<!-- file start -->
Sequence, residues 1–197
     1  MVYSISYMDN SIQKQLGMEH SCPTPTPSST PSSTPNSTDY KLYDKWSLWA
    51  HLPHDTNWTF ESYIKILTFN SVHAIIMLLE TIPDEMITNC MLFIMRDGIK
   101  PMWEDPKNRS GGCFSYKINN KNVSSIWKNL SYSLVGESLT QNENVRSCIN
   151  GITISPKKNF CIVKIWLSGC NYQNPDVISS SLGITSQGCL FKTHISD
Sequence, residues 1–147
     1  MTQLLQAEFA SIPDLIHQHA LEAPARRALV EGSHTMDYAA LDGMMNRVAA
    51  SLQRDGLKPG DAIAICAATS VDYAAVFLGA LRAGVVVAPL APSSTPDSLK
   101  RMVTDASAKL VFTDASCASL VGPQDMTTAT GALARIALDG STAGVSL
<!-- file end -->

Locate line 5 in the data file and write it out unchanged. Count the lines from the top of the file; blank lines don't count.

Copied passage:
   151  GITISPKKNF CIVKIWLSGC NYQNPDVISS SLGITSQGCL FKTHISD